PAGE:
What is Lactic Acid? Benefits, Treatments, Etc.
One of my favorite posts is the educational kind. Since we started this series, we've broken down Vitamin A (aka what most of us know as retinol) as well as Mandelic Acid. Next on the list, and an ingredient that is going to be hot this year: lactic acid.
So what does lactic acid do?
It brightens and resurfaces the skin, helps with rosacea, protects the skin barrier and locks in moisture (Agent Nateur.) Here's the official definition:
Lactic acid is a gentler form of alpha-hydroxy acid (AHA). AHAs are organic, naturally-occuring acids found in foods and milk sugars. AHAs include glycolic acid (GA), citric acid (CA), malic acid (MA), tartaric acid (TA), and lactic acid (LA). (National Library of Medicine). AHAs can be used in a wide spectrum of skin treatments such as acne, scars, melasma, hyperpigmentation, etc.
The nice thing about lactic acid is that it's mild, and not abrasive like the majority of other acids. One of my favorite products infused with lactic acid is the Agent Nateur holi(mask). It is not only gentle, but effective. It's called "Botox in a jar" because truly after just one use, your skin is tighter, brighter and visibly less dull.
How do you incorporate into your skincare routine?
Lactic acid works really well paired with Vitamin A (aka retinol) but it can also be a great option if you can't (or prefer not to) use retinol.
Lactic acid, similarly to retinol, increases cell turnover and removes dead skin cells. This, in turn, will help improve the overall skin texture. Not to mention, it helps the skin retain moisture. As you can imagine this is a less abrasive way of getting that cell turnover because retinol can definitely irritate the skin (especially the less diluted it is.) Read this breakdown of vitamin A to understand the ins and out.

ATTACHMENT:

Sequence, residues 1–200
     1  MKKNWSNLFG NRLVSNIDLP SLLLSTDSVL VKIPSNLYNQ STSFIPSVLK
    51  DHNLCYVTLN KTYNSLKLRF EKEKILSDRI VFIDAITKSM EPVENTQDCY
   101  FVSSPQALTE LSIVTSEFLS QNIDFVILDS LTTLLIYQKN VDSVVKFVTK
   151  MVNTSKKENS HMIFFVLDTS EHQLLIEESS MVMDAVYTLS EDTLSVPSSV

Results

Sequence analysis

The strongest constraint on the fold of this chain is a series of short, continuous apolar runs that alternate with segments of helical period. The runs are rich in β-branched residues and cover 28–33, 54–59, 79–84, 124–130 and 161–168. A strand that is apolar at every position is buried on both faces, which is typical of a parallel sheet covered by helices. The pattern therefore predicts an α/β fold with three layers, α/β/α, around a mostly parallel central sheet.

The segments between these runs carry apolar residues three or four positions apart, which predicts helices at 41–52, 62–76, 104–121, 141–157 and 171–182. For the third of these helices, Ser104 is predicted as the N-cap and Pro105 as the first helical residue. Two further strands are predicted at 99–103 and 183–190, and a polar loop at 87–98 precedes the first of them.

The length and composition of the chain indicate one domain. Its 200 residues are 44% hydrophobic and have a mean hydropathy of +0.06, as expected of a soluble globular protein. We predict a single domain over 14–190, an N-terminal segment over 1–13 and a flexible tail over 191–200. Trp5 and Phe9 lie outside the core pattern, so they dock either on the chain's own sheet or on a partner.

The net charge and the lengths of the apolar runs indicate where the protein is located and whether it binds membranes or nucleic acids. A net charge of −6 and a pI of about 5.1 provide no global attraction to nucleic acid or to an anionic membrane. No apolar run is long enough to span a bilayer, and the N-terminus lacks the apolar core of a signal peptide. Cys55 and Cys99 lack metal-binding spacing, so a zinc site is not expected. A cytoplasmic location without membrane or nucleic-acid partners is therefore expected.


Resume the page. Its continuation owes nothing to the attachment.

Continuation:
With lactic acid, just as we know with retinol, you want to 10000% use an SPF. Anything that exfoliates and removes dead skin cells increases skin's sensitivity to UV rays. It's important to really lather that SPF when using lactic acid.
How often should you use it?
Lactic acid skin care products come in varying concentrations and it's always best to follow the label's instructions. In my experience, a serum with a 5% concentration of lactic acid is mild enough to use every other day. However, the concentrations can go up from there.
If you tend to have more sensitive skin, you can limit lactic acid to 1-2 times a week. However if your skin is used to consistent exfoliation, you can use lactic acid products on the daily. You may already be using products that have lactic acid in them, but you may not be aware.
Is it okay for sensitive skin?
Actually the founder of Agent Nateur references lactic acid over glycolic and salicylic because of its gentle nature in comparison to these other two acids. She specifies that lactic acid has been found to increase the levels of ceramides in the the skin and studies have also shown that this increase in ceramides leads to improvements in the barrier function of the skin (think thicker stronger skin) which in turn reduced transepidermal water loss. This means that using lactic acid can lead to firmer, plumper, better hydrated skin which will help to reduce and soften the appearance of fine lines and wrinkles (National Library of Medicine.)
What's the final conclusion?
The results demonstrate that cosmetic benefits from the use of alpha-hydroxy acids are caused by modification of the skin surface, the epidermis and the dermis. Although 5% lactic acid modulates surface and epidermal changes, 12% lactic acid influences both the epidermis and the dermis" (National Library of Medicine).
Overall it's clear that lactic acid has a nature to bind water, and along with its antioxidant properties, it truly hydrates the skin.